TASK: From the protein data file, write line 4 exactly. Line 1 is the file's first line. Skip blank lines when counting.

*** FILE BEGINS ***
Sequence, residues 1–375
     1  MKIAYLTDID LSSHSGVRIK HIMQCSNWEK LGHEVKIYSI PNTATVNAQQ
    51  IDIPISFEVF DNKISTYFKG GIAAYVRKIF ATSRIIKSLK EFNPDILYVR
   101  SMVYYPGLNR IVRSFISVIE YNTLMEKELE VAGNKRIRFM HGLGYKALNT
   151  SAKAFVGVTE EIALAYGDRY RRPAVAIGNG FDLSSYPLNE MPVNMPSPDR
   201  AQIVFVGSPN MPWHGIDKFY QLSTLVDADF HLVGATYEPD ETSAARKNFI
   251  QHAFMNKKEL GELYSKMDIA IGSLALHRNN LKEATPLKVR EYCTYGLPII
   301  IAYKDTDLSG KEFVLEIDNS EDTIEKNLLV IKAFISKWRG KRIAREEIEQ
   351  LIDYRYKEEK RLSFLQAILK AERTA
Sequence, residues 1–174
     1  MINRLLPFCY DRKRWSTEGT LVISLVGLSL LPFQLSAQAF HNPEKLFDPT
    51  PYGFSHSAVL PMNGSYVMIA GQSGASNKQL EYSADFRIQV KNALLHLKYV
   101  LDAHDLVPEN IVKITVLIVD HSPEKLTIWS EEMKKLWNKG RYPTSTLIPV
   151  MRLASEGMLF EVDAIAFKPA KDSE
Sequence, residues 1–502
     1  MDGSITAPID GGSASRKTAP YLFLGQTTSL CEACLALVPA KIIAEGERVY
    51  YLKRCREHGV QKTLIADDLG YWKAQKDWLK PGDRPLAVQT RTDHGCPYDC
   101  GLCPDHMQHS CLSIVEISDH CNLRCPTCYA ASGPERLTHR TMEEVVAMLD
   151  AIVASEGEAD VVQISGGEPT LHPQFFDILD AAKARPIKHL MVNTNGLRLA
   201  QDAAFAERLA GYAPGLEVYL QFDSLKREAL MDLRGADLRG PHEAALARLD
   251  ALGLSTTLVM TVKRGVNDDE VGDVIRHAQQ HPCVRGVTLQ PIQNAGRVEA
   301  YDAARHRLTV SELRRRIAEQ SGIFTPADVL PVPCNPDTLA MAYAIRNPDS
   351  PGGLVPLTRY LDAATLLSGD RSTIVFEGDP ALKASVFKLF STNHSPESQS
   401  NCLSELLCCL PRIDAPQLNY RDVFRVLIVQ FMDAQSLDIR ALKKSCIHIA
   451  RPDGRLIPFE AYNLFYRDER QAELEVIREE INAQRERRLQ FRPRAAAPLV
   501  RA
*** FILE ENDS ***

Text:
   101  SMVYYPGLNR IVRSFISVIE YNTLMEKELE VAGNKRIRFM HGLGYKALNT